GamCare has reported that its helpline registered a sudden influx in calls yesterday, following Paul Merson’s interview on ITV’s Good Morning Britain (GMB) show.
The former Premier League footballer revealed his lived experience with gambling addiction and its harmful consequences on family and loved ones.
Merson broke down in tears during the interview, revealing that he had relapsed on his gambling addiction over the course of lockdown last year – but that he was on the ‘path to recovery’.
Sharing his experience, Merson revealed that he had begun gambling aged sixteen as an Arsenal schoolboy trainee, with habits nurtured by a locker room culture that promoted gambling as a casual pastime.
At the height of his career during the 90s, Merson admitted that he had lost £7 million due to his combined alcohol and gambling addiction – in which the footballer admitted that ‘gambling was a worse habit’.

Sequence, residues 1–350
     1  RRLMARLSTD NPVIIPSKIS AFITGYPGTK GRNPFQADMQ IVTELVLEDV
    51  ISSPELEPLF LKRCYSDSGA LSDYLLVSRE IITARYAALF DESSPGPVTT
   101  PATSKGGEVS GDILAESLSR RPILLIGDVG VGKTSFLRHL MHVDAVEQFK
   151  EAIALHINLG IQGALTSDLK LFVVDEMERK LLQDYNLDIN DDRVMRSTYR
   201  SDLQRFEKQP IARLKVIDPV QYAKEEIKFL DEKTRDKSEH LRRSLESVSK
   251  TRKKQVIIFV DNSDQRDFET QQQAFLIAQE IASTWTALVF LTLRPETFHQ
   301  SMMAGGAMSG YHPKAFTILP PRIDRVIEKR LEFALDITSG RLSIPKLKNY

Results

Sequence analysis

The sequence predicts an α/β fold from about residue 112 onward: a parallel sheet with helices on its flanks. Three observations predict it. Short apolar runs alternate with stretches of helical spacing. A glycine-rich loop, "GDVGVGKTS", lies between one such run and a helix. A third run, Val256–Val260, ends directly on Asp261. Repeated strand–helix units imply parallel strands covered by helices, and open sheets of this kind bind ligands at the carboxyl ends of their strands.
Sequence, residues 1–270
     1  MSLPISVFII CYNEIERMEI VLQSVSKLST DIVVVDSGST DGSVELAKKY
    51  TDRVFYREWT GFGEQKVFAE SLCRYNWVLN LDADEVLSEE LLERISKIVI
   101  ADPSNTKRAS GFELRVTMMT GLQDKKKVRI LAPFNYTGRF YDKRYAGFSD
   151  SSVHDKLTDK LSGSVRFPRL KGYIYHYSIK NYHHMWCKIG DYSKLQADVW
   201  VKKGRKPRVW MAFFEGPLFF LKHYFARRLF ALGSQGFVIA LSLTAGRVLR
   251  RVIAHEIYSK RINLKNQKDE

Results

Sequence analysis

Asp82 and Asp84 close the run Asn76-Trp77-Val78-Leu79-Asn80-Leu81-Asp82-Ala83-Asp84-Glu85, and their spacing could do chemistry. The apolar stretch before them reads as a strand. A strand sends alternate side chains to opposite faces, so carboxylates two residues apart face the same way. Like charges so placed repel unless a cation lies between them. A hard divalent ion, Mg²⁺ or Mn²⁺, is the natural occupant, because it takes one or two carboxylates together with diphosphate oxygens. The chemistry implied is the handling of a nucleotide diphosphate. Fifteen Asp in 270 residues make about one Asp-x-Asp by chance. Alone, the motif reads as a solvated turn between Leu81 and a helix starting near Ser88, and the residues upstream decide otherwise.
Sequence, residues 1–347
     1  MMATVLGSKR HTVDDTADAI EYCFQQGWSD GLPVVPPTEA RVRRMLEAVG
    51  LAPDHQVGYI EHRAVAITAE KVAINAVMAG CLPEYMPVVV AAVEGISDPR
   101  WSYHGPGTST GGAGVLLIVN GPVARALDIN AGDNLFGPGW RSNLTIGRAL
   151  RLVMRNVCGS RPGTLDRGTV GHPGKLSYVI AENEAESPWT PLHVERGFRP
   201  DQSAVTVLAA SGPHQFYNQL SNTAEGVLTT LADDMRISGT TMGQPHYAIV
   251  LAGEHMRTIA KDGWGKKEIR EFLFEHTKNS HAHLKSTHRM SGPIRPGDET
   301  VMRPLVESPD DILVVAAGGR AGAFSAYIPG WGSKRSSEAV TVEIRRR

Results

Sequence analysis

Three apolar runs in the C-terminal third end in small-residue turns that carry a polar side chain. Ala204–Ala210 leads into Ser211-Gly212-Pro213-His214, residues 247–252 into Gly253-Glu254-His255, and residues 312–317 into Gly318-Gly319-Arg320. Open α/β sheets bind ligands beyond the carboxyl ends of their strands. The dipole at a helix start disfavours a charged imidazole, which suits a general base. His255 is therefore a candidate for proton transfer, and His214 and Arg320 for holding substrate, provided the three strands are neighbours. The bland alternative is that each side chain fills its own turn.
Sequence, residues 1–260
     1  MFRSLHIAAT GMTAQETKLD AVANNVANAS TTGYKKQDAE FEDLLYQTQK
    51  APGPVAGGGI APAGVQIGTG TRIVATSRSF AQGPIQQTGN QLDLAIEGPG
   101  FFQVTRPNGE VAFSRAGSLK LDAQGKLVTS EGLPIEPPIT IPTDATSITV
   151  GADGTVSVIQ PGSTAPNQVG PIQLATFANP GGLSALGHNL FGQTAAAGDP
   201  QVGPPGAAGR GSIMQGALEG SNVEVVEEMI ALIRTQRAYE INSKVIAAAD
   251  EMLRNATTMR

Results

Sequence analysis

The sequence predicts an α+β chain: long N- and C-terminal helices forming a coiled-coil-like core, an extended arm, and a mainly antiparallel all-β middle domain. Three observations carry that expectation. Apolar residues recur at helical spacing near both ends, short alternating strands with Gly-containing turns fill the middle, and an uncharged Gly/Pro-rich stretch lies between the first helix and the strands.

GamCare helpline advisors have praised Merson’s candid interview, stating that his story is “synonymous with many of the calls the charity had received over lockdown”.
Yesterday, the helpline registered increased calls citing Merson’s interview, in which callers shared anxieties over gambling-related debts, self-harm and relapsing back into addiction.
The Charity stated that Merson’s revelations will have resonated with vulnerable adults, as 77% of gamblers contacting its helpline identified as male whilst two thirds (66%) of participants attending GamCare treatment are reported to have debt issues.
“The sudden influx of calls we have received following Paul’s interview highlights how important it is to speak up on issues around gambling, to help tackle the stigma and ultimately to reduce gambling related harm,” said Anna Hemmings, Chief Executive at GamCare.
“We know how difficult it can be for people to speak publicly about gambling – their own or someone else’s – and it is encouraging to see public figures such as Paul come forward on Good Morning Britain and to see the positive influence it can have on others seeking help.
“We urge anyone who is struggling with gambling to contact us on the National Gambling Helpline. We want you to know we are here for you, we understand and we can help. If you think someone you know needs support, please get in touch.”